Offered For Sale at the: RM Auction - Vintage Motor Cars at Meadow Brook Hall August 6, 2005, Auburn Hills, Michigan RM Auctions One Classic Car Drive Blenheim, Ontario N0P 1A0 Canada Phone: 519-352-4575 Website: www.rmauctions.com 1933 LaSalle Model 345-C 4 Passenger Coupe LOT: 056 Estimate: $60,000-$70,000 US Chassis No. 2003040 AUCTION RESULTS: Lot was Not Sold at a high bid of $47,000 115hp 353 cu. in. Cadillac 90° V8 L-Head, cast iron block on aluminum crankcase, three-speed synchromesh manual transmission and four-wheel drum brakes. Wheelbase: 130" The lovely LaSalle offered here is a very special car. It was the show car debuted at the 1933 Chicago World’s Fair. The car has 34,000 original miles and is complete with desirable features such as the rumble seat and rear mounted spare tire with metal cover. Factory options include directional signals and a color matched chassis. Most recently, a bodyoff, no-expense-spared restoration was completed in 2000 and accordingly, the LaSalle remains in exceptional overall condition. The original paint scheme was retained during the restoration, as it was the only LaSalle built in 1933 to receive India green with “Tokyo ivory” body stripe, spokes and hubs. While the original walnut interior was retained, the car has been completely refurbished and restored to factory correct specifications. The engine underwent a complete rebuild as well as all ancillary parts including the starter, generator, and carburetor. The outstanding quality of the restoration was recognized when the LaSalle offered here won a red ribbon at Cadillac’s 100th Anniversary meet in Detroit. Accompanying this vehicle is an original Chicago World’s Fair 1833 to 1933 blush makeup tin, as well as an original full-page framed advertisement depicting this exact car as presented. The advertisement is titled, “To the man who might have owned a LaSalle… for just a trifle more!” Elegantly written it features several sales pitches such as: “never a place would you hesitate to meet the doorman’s scrutiny through the window of your LaSalle…nor would you expect anything else, once you had comprehended the LaSalle tradition. For LaSalle came out of Cadillac—and bore, from the very date of its introduction, the unimpeachable hallmark of Cadillac prestige…” The last section the advertisement has historically proven true as it leaps from 1933 at today’s potential buyer, stating: “…And thus it is that a new LaSalle is such a wise investment. For, superimposed upon its matchless quality and its incomparably delightful performance, it the very tangible value of a car that really “belongs.” …There’s a lesson here, most obviously, for those who pay the price of LaSalle—but fail of LaSalle’s prestige. And we think there’s a moral equally strong for the man who might have owned a LaSalle for just a trifle more… When the time arrives for you to decide once more on a motor car, we hope you’ll remember and act upon this undeniable fact—you’ll never encounter a place on earth too smart for a LaSalle.” As it could not be better said, we thoroughly encourage all collectors to closely examine this handsome, elegant and very rare example of the LaSalle marque as it is indeed a standout amongst its peers of the period.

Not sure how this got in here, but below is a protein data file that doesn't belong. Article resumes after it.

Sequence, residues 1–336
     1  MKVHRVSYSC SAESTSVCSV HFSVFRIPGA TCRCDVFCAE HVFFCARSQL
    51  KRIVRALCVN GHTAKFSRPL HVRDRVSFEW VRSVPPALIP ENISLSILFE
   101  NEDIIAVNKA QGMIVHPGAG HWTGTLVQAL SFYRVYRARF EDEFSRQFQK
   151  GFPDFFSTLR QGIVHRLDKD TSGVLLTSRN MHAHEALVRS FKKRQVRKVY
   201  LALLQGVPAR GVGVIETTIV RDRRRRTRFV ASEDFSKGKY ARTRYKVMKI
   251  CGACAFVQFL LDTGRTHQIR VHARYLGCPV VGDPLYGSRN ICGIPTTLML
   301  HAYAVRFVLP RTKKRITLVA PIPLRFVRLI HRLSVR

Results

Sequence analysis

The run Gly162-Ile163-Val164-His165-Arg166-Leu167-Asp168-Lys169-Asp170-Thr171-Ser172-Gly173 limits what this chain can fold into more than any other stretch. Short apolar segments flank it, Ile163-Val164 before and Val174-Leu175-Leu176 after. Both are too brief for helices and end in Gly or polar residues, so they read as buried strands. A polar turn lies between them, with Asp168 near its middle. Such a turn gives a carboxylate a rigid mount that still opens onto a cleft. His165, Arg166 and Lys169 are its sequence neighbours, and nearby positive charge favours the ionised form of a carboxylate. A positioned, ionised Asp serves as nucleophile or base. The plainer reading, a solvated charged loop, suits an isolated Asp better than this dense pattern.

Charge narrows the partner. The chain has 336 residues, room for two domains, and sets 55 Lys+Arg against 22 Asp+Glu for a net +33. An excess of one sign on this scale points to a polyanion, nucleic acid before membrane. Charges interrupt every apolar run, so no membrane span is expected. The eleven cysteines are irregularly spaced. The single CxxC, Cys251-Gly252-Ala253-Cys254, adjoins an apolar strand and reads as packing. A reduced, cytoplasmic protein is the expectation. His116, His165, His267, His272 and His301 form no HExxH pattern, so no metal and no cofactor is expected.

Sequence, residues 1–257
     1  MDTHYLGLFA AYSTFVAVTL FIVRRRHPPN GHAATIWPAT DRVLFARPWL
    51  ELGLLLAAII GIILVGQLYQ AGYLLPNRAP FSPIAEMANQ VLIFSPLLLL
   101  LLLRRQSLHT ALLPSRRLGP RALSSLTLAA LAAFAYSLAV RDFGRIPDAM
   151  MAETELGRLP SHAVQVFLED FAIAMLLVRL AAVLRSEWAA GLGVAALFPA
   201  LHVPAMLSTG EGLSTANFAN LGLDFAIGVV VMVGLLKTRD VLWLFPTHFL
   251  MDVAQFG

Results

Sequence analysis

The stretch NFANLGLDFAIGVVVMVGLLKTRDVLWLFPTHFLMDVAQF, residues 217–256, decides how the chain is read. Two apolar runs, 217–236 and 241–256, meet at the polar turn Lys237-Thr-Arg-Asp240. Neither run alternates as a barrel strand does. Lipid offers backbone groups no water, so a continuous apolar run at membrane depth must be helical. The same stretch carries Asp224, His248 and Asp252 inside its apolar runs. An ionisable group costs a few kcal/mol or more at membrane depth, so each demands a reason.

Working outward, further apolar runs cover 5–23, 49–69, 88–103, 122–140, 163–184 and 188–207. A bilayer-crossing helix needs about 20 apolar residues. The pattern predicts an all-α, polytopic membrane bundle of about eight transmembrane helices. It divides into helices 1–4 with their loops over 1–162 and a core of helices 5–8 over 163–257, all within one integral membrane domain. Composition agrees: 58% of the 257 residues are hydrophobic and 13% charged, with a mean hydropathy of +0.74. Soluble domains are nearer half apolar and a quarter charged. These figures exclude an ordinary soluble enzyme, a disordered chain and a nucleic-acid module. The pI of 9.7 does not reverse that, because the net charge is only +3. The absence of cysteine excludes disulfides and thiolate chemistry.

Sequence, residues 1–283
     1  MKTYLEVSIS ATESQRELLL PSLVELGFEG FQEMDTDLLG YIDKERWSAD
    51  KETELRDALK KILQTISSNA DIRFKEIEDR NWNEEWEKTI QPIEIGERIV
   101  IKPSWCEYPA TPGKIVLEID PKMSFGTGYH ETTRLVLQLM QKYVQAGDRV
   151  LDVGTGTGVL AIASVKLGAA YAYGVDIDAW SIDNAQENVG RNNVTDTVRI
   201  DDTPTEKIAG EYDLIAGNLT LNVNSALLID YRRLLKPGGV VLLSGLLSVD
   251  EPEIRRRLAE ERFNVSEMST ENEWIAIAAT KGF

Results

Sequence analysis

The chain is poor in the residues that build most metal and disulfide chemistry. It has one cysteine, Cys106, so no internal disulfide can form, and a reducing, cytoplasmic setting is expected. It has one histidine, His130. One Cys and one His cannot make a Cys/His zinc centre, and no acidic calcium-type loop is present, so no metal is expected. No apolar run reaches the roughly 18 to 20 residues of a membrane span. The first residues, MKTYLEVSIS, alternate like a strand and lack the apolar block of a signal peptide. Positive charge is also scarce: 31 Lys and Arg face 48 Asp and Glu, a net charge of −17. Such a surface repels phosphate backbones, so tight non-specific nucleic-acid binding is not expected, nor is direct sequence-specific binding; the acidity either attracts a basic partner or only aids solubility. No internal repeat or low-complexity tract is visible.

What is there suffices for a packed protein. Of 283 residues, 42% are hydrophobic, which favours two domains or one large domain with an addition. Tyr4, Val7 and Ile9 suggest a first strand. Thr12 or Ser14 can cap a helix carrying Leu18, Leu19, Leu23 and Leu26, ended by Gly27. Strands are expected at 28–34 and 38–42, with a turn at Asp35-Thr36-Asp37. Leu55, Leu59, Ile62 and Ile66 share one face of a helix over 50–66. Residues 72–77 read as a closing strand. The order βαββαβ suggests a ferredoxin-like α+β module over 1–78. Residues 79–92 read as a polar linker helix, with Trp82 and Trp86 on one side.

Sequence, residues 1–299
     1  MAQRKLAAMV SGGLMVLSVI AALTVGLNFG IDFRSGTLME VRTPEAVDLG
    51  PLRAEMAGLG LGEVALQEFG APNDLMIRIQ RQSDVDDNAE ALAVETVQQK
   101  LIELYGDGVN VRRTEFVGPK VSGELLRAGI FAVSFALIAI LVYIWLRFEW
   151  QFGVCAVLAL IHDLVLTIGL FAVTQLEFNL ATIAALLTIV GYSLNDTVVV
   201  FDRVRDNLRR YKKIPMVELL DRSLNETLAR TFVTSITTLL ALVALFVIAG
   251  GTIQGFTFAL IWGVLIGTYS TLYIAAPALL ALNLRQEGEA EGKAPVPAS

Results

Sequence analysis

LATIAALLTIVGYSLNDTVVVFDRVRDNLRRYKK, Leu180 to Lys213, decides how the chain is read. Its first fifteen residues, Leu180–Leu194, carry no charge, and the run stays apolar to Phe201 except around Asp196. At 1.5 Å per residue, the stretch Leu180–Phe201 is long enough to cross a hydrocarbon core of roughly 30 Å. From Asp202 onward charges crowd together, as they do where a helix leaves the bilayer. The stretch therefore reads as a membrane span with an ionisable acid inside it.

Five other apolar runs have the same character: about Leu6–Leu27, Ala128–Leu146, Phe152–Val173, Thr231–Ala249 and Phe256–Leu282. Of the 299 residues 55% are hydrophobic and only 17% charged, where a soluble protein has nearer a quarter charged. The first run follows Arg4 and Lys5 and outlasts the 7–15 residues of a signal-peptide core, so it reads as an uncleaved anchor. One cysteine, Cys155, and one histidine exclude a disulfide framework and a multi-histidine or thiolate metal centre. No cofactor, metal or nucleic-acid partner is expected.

In 1926, Alfred P. Sloan, Jr., president of General Motors, sought a lower-priced companion to the Cadillac to fill out GM's producr line. He lured a custom car designer named Harley Earl to Detroit for the project and the result was the 1927 LaSalle, the first mass-production car to be consciously "styled".
The LaSalle marque was used by General Motors from 1927 until 1940.
1930 - LaSalle is one of the first companies to include wiring for radios.
In 1930 LaSalle increased its wheelbase to 134 inches and were offered with six fleetwood bodies as well as bare chassis for custom coachbuilders. Prices were also increased.